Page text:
Default gateway

              ttl time
                     TTL setting

              mtu size
                     MTU size

   The ppp Method
       This method uses pon/poff to configure a PPP interface. See those commands for details.

       Options

              provider name
                     Use name as the provider (from /etc/ppp/peers).

              unit number
                     Use number as the ppp unit number.

              options string
                     Pass string as additional options to pon.

   The wvdial Method
       This method uses wvdial to configure a PPP interface. See that command for more details.

       Options

              provider name
                     Use name as the provider (from /etc/wvdial.conf).

   The ipv4ll Method
       This method uses avahi-autoipd to configure an interface with an IPv4  Link-Layer  address
       (169.254.0.0/16  family).  This  method  is  also  known  as  APIPA  or  IPAC,  and  often
       colloquially referred to as "Zeroconf address".

       Options

              (No options)

IPX ADDRESS FAMILY

       This section documents the methods available in the ipx address family.

   The static Method
       This method may be used to setup an IPX interface. It requires the ipx_interface command.

       Options

              frame type
                     type of Ethernet frames to use (e.g. 802.2)

              netnum id
                     Network number

   The dynamic Method
       This method may be used to setup an IPX interface dynamically.

       Options

              frame type
                     type of Ethernet frames to use (e.g. 802.2)

INET6 ADDRESS FAMILY

       This section documents the methods available in the inet6 address family.

   The auto Method
       This method may be used to define interfaces with automatically assigned  IPv6  addresses.
       Using this method on its own doesn't mean that RDNSS options will be applied, too. To make
       this happen, rdnssd  daemon  must  be  installed,  properly  configured  and  running.  If
       stateless  DHCPv6  support  is turned on, then additional network configuration parameters
       such as DNS and NTP servers will be retrieved from a DHCP  server.  Please  note  that  on
       ifdown, the lease is not currently released (a known bug).

       Options

              privext int
                     Privacy extensions (RFC4941) (0=off, 1=assign, 2=prefer)

              accept_ra int
                     Accept  router advertisements (0=off, 1=on, 2=on+forwarding). Default value:
                     "2"

              dhcp int
                     Use stateless DHCPv6 (0=off, 1=on)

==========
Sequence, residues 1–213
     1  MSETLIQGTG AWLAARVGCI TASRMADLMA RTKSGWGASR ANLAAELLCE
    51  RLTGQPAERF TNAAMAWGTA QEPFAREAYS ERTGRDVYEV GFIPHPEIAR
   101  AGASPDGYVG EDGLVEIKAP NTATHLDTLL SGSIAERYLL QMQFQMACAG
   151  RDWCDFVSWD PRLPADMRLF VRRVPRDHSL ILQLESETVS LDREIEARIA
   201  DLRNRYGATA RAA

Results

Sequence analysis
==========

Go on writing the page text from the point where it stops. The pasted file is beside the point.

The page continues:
request_prefix int
                     Request a prefix through DHCPv6 Prefix  Delegation  (0=off,  1=on).  Default
                     value: "0"

              ll-attempts
                     Number of attempts to wait for a link-local address. Default value: "60"

              ll-interval
                     Link-local address polling interval in seconds. Default value: "0.1"

   The loopback Method
       This method may be used to define the IPv6 loopback interface.

       Options

              (No options)

   The static Method
       This  method  may be used to define interfaces with statically assigned IPv6 addresses. By
       default, stateless autoconfiguration is disabled for this interface.

       Options

              address address
                     Address (colon delimited/netmask) required

              netmask mask
                     Netmask (number of bits, eg 64) deprecated

              metric metric
                     Routing metric for default gateway (integer)

              gateway address
                     Default gateway (colon delimited)

              media type
                     Medium type, driver dependent

              hwaddress address
                     Hardware address or "random"

              mtu size
                     MTU size

              accept_ra int
                     Accept router advertisements (0=off, 1=on, 2=on+forwarding)

              autoconf int
                     Perform stateless autoconfiguration (0=off, 1=on). Default value: "0"

              privext int
                     Privacy extensions (RFC3041) (0=off, 1=assign, 2=prefer)

              scope  Address validity scope. Possible values: global, site, link, host

              preferred-lifetime int
                     Time that address remains preferred

              dad-attempts
                     Number of attempts to settle DAD (0 to disable DAD). Default value: "60"

              dad-interval
                     DAD state polling interval in seconds. Default value: "0.1"

   The manual Method
       This method may be used to define  interfaces  for  which  no  configuration  is  done  by
       default.  Such  interfaces  can be configured manually by means of up and down commands or
       /etc/network/if-*.d scripts.